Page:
Beleaguered, and bankrupt, iconic photography company Eastman Kodak is planning to sell the photo kiosk, consumer film, and commercial scanner arms of its business as it hones in on attempts to maximise revenue from its digital imaging and processing patents ahead of a massive restructuring, the company has said.
“We have to make some tough choices to build our future and this is one of those choices,” the company’s chief executive Antonio Perez told reporters on a conference call, Bloomberg reported. “Kodak’s goal is not simply to emerge but obviously to emerge as a profitable, sustainable company and today’s actions are moving us decisively along that path.”
The proposed sale would see the company cede its consumer-facing businesses and focus instead on the potentially more lucrative commercial and enterprise printing and packaging market.
The ongoing auction to sell off two blocks of patents was designed to fund that reorganisation, but has thus far not brought in the high figures the company was looking for.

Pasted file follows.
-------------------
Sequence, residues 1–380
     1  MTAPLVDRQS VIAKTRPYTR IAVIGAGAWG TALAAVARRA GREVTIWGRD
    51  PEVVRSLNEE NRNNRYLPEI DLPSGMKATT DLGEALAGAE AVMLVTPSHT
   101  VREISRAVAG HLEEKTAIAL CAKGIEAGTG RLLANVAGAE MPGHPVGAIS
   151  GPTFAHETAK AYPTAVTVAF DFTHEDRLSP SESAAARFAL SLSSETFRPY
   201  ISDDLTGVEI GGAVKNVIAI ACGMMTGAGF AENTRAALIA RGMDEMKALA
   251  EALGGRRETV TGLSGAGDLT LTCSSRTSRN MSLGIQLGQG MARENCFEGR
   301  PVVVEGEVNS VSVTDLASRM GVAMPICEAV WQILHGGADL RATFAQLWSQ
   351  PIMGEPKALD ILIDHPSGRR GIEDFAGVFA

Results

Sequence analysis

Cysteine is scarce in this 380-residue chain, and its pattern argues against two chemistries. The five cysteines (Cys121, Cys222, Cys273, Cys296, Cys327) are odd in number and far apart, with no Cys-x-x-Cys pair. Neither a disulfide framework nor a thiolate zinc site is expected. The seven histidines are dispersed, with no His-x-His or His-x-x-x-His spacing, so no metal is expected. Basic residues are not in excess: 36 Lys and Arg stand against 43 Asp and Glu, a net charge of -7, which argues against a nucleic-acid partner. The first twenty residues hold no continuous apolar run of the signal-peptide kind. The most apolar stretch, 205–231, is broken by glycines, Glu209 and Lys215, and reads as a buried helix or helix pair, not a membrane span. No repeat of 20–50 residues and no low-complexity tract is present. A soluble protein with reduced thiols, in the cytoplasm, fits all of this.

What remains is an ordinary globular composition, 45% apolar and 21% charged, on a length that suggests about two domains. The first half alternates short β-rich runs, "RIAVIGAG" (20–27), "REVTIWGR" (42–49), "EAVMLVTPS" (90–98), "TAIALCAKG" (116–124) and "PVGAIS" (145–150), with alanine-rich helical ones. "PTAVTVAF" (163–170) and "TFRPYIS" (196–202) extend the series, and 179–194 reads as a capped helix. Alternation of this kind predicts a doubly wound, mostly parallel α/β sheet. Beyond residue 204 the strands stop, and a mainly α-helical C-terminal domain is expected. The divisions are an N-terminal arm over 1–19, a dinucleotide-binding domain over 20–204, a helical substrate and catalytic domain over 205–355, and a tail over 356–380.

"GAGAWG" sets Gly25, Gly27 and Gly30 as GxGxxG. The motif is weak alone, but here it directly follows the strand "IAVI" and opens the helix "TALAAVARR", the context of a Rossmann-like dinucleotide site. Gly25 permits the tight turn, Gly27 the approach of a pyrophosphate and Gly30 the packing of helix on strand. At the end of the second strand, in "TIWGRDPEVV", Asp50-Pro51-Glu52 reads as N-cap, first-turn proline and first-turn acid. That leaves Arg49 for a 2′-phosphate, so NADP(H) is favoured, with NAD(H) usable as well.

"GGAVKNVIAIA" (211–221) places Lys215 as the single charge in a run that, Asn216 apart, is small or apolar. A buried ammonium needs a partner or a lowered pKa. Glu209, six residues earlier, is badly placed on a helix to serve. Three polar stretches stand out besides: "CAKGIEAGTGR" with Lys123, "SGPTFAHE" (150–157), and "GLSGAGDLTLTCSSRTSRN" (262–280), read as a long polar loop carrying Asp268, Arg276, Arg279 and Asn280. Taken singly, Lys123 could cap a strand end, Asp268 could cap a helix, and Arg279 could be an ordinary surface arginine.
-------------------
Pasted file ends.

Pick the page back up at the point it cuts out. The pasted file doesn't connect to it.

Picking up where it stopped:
Kodak previously said it believes its patents are worth up to $2.5 billion (£1.6 billion), but after initial bids came in low and no conclusive arrangements with buyers were reached by the auction’s 13 August end date, the company extended the deadline. Kodak needs to rake in some $700 million (£440 million) to resolve its bankruptcy and reemerge on the path to profitability by next year.
Though it is abandoning the photography business, in which it was once dominant, Kodak insists it is committed to protecting its legacy.
“As we move forward with the potential transition of these businesses to new ownership, we will ensure that our customers continue to enjoy the same great products, services and support that they have come to expect from Kodak,” the company said in a statement.
“We will also ensure that the potential buyers share our commitment to serving customers. Kodak has successfully sold businesses in the past with a seamless transition for customers.”